Hi everyone and thanks for the encouragement during the trying times of the past few weeks. I am truly grateful for the community that regularly gathers on this blog.
This week, we have the pleasure of welcoming author Irene Ternier Gordon as a guest blogger. I am grateful to call Irene a long-time friend and a frequent commenter on this blog. Irene is a former teacher librarian who has authored seven books about Canadian history. She’s kind enough to give us some tips on how we can look beyond the obvious for opportunities to sell books and promote our expertise.
Look for Opportunities to Promote Your Expertise
by Irene Ternier Gordon
How many of you are aware of the Via Rail “On Board Entertainment” Program? I just learned about it last spring and was surprised to learn that it included people such as storytellers in addition to musicians. Since many Via Rail travellers are from outside of Canada, performers are expected to focus on Canadian material.
I am the author of seven non-fiction books on Canadian history specializing in the fur trade era; therefore I thought Via Rail might be interested in my telling stories from one or more of my books, which are written in the form of adventure stories. They signed me up as an historian/storyteller to do presentations based on my fur trade book and on my history of the Red River Settlement and the Battle of Seven Oaks.
Irene Ternier Gordon giving a talk on Via Rail to an eager audience
The Via Rail contract stated that I was to travel from Winnipeg to Toronto and return, presenting three talks of about ¾ of an hour each way. Although you do not get paid, presenters receive board and room on the train. Presenters are also allowed to display their books, CDs, etc. for sale, but they are not to actively promote sales of them. I sold eight copies of my books.
I made a set of posters of the illustrations and maps from my books and used them to illustrate my talks. I also handed out copies of the maps (with my business card attached) to the audience. My first talk was given in an activity area, but all of the others were given in a dome car. The audience size varied from a low of six – two of whom didn’t speak English – to a high of perhaps 25. Many seemed very interested and asked lots of questions; others didn’t seem that interested but they were polite. Audience members ranged in age from four to over 80. When I complimented the four-year-old on how good an audience member she had been, she responded that it [my talk] was like a bedtime story but it was kind of long.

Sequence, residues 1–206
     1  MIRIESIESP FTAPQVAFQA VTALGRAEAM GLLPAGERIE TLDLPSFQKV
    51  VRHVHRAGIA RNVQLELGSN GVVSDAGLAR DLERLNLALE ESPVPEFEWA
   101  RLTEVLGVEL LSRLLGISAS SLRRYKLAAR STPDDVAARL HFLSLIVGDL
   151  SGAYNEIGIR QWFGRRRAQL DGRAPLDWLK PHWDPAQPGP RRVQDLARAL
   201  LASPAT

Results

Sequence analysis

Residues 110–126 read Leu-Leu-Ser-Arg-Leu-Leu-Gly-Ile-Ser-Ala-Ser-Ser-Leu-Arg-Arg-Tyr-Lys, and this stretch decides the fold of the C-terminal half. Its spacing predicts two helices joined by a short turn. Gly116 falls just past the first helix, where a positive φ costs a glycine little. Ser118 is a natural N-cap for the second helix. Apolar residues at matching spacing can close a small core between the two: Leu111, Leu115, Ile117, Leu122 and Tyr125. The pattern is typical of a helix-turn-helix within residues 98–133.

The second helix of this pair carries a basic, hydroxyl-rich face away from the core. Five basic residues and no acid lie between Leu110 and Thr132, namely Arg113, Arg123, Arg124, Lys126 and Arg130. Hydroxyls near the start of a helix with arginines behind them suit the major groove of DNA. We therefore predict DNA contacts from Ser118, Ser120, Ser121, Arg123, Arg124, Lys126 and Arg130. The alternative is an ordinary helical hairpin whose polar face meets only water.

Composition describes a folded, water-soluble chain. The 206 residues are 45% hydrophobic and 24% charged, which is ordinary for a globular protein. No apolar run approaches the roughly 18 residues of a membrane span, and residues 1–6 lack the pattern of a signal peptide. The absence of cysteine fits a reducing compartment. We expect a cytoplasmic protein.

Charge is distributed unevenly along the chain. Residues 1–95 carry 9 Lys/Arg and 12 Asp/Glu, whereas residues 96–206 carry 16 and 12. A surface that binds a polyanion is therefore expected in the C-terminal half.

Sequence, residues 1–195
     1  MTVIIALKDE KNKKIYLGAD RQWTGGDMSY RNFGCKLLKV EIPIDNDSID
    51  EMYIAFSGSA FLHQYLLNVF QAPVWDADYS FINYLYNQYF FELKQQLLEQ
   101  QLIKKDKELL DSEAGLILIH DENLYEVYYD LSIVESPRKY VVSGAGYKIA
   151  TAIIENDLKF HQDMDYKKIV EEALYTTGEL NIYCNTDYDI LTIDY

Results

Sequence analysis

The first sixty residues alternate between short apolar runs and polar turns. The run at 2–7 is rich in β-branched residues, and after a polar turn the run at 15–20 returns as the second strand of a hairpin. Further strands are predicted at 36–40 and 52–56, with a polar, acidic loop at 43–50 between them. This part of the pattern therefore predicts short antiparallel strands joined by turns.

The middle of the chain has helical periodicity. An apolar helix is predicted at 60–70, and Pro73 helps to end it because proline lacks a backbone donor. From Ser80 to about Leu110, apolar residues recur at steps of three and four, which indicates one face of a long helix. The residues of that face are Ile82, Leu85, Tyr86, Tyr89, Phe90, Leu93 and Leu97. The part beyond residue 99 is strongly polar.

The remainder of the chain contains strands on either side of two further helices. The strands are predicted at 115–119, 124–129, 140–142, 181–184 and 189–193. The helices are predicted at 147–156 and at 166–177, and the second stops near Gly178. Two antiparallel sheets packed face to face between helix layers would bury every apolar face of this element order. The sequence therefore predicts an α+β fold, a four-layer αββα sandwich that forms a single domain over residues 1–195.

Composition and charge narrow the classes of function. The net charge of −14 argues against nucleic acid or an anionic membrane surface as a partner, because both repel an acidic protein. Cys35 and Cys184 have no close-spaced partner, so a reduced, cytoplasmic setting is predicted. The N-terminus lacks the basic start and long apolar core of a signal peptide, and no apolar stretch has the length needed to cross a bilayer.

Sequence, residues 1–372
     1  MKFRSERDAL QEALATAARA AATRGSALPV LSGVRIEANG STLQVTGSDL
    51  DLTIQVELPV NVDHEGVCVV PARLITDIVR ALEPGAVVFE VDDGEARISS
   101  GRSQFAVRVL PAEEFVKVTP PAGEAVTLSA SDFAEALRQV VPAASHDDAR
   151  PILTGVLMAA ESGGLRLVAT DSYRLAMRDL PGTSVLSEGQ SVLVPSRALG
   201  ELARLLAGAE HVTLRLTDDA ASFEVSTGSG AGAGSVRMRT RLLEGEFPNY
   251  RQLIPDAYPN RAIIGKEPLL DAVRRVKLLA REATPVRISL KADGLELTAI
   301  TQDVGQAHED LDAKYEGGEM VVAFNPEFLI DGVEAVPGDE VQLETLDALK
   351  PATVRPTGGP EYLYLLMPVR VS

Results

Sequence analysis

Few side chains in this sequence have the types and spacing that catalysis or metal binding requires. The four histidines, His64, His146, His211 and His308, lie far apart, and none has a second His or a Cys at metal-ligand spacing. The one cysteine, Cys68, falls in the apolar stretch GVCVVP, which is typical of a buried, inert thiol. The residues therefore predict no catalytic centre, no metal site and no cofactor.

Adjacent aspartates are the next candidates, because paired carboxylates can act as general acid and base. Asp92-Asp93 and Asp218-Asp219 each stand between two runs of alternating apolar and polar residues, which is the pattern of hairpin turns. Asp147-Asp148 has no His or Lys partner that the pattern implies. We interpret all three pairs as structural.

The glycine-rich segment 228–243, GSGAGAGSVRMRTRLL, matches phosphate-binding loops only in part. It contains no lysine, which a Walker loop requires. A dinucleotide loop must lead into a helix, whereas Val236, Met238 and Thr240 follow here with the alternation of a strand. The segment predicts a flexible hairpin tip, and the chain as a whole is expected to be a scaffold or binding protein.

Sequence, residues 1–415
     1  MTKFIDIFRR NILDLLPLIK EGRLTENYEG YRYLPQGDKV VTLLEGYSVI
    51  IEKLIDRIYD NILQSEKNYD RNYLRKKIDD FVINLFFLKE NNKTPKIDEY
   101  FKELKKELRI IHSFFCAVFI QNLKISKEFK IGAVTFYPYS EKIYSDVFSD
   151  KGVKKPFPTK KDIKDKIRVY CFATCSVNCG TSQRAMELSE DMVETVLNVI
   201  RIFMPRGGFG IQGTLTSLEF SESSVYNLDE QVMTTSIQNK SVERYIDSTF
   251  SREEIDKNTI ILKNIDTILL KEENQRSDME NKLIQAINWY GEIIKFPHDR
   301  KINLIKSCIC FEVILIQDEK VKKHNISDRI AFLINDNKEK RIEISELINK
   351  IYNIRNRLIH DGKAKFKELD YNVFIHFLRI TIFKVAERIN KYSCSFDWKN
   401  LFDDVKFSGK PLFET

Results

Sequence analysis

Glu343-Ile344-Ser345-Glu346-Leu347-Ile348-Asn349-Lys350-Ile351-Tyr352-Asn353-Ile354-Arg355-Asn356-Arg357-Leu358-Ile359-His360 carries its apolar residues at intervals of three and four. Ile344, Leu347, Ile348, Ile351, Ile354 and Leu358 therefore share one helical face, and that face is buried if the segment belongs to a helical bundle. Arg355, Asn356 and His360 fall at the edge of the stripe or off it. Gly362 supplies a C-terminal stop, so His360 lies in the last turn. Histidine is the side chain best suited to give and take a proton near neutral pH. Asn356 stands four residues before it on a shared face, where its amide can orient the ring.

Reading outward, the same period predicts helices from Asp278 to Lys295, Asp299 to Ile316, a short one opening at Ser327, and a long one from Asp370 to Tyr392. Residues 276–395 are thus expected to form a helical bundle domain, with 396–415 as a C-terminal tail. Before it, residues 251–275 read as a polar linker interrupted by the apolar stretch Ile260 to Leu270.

The facilities were not ideal. People who were not interested in your presentation may have already been there when you arrived and you could not ask them to leave. We did make an exception for a boy about 12 who was sound asleep, sprawled across seats for three people in the activity area. I hated to wake him up, but we needed the space and his sister was just delighted to do the honours.
The contact person for the Via Rail On Board Entertainment Program can be reached at email@example.com.
I would be interested in hearing from any other writers who have participated in this program and would be happy to answer any questions from people who might be interested in applying for it. You can also check out my website at www.ireneterniergordon.ca.
Thanks to Irene for this post. How about you? Have you participated in a program such as Via Rail’s On Board Entertainment program or a similar program that helped you promote your expertise to an audience you may not otherwise have reached? Please share your stories with us. Irene has offered to field questions and respond to comments until Sept 11th when she heads off to Scotland.
Please join us back here the week of September 17th, when we’ll have a new post and a new discussion.